Have you ever had one of those moments when, no matter how logical it may be, something you’ve heard or read or watched simply didn’t make sense? At our place we call it being ‘hard of understanding’ – it’s a polite way of telling someone that they’re being slow on the uptake.

This week I had just such a moment – or, more to the point, a series of moments. I tried using YouTube to learn how to do something called a provisional cast on. It’s a knitting thing – and is touted as being a most cunning cast-on technique with many applications. Whilst I’d heard about it from time to time from extreme knitters, I’d never found any need to figure it out. Until now.The fabled back room at Bendigo Woollen Mills

To make a short story long, I’ll rewind to July last year for some context. That’s when I trotted off to the Bendigo Sheep & Wool Show with my sister (an extreme knitter). She’d talked wistfully about wanting to go to Bendigo for a number of years and had waxed lyrical about the Aladdin’s cave of the fabled ‘back room’ at Bendigo Woollen Mills. I confess I was curious – particularly about the cave – and it seemed a good way to celebrate her retirement. So off we went for a few days of woolly, touristy fun.

On our second night we had dinner with a number of other knitters, many of whom were originally from Perth and stay in contact via email, Ravelry and the Bendigo weekend. I ended up sitting next to Nan Bray, the force behind White Gum Wool – and not from Perth. She told us a little about her journey from marine science to sheep farming and luxury wool production while we tucked into some local fare. Nan mentioned that the scarf she was wearing was an example of her new range ultrafine 12ply bouclé yarn. Although she explained that it was made from 14.8-micron lambs wool, I didn’t really grok what that meant until I felt it. It was silky smooth, delightfully soft and so squishy and touchable that if she’d had any for sale I’d have bought it on the spot – and I am not an impulse purchaser by any means.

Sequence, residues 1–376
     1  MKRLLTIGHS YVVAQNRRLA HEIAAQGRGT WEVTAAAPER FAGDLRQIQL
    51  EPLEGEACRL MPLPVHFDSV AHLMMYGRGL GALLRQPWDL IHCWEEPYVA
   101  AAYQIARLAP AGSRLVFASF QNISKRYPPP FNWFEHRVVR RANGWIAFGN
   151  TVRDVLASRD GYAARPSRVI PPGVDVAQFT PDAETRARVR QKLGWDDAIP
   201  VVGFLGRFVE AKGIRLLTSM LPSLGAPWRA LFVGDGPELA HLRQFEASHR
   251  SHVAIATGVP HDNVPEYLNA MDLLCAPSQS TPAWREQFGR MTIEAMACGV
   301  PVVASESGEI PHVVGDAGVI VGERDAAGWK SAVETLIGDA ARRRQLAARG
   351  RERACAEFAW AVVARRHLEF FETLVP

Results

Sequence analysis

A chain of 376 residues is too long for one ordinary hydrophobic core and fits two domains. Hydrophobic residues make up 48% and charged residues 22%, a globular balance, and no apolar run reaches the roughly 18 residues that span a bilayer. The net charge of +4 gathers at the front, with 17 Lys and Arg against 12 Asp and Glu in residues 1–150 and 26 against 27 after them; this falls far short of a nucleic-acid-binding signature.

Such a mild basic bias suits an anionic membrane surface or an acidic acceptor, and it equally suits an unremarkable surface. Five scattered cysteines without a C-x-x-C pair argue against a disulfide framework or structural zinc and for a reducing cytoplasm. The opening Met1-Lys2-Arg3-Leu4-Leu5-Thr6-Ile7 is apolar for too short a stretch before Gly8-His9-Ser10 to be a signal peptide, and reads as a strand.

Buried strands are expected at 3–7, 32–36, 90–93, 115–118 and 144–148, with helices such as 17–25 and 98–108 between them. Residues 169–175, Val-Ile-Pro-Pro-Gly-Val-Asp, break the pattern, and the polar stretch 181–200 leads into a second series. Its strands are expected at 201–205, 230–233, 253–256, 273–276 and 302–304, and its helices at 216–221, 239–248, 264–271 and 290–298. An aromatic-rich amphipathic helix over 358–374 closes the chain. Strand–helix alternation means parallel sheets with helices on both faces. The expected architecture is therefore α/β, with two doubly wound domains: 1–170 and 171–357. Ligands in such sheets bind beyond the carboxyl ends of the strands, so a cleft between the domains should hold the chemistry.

So the next day I made it my mission to hunt down the White Gum Wool stand at a woolly-event. I was disappointed to find that the colour I’d fallen in love with (hawthorn) was sold out, but decided that I really needed some of that yarn – just to pat and cuddle. So I simply chose the next best option and bought a single 100g ball of Ultrafine Quarrystone Bouclé – and cuddled it all the way home 🙂

Now, a year later, cuddling the ball whenever I hunt through my stash of yarn is not enough. It was time to knit something that I could actually use. Luckily Ravellry came through (as usual) and  I found a pattern that uses exactly one ball of bouclé.

soft and swift cowlBut…. the starts with a provisional cast on… Fortunately there’s a veritable plethora of short instructional videos available on this topic online. I watched seven, yarn and needles in hand, pausing, replaying, pausing – until my brain overheated. It’s not that the technique is especially tricky, but it is fiddly – and the flying fingers and rapid instructions from the demonstrators, with no slow-down option available, made success problematic and reverse knitting my forte.

Much time, all (!) the videos and several scrapped attempts later, I eventually achieved success. But by then I’d concluded (a number of times) that I was a)definitely hard of understanding on the instructional video front, and b)never going to be an extreme knitter! Nevertheless, my deliciously squishy scarf is almost halfway there – although this does mean I’ll meed to revisit the land of scary how-to videos at some point to remind myself how to do Kitchener stitch to join the ends together… I see more hard of understanding moments ahead this week.

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